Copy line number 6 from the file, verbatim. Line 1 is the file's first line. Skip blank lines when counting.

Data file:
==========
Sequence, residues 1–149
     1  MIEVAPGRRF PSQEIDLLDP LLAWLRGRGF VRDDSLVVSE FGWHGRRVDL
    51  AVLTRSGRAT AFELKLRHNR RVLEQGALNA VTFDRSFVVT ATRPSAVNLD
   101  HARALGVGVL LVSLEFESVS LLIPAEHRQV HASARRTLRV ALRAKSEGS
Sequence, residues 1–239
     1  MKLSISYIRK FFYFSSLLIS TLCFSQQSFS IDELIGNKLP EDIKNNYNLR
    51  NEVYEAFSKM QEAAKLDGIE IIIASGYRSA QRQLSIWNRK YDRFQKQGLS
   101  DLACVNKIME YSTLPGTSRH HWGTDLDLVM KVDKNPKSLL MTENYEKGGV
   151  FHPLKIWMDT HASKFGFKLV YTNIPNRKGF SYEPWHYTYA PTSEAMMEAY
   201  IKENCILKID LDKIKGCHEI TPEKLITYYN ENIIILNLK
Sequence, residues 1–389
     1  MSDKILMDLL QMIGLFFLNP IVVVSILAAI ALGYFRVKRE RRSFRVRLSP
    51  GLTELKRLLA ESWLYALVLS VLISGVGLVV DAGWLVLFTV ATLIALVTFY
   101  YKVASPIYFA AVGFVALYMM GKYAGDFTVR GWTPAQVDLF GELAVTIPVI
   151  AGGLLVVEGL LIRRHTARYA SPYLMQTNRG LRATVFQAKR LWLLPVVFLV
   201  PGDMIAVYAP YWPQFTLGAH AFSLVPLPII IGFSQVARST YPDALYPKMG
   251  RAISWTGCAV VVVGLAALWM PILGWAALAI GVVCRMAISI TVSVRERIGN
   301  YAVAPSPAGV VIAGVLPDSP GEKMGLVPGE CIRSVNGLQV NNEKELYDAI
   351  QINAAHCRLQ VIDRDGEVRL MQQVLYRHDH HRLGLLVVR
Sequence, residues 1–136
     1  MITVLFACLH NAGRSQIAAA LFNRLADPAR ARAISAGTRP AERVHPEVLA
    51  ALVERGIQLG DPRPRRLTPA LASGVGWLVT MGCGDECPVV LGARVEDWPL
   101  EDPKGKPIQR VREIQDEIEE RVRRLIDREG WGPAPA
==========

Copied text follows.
     1  MKLSISYIRK FFYFSSLLIS TLCFSQQSFS IDELIGNKLP EDIKNNYNLR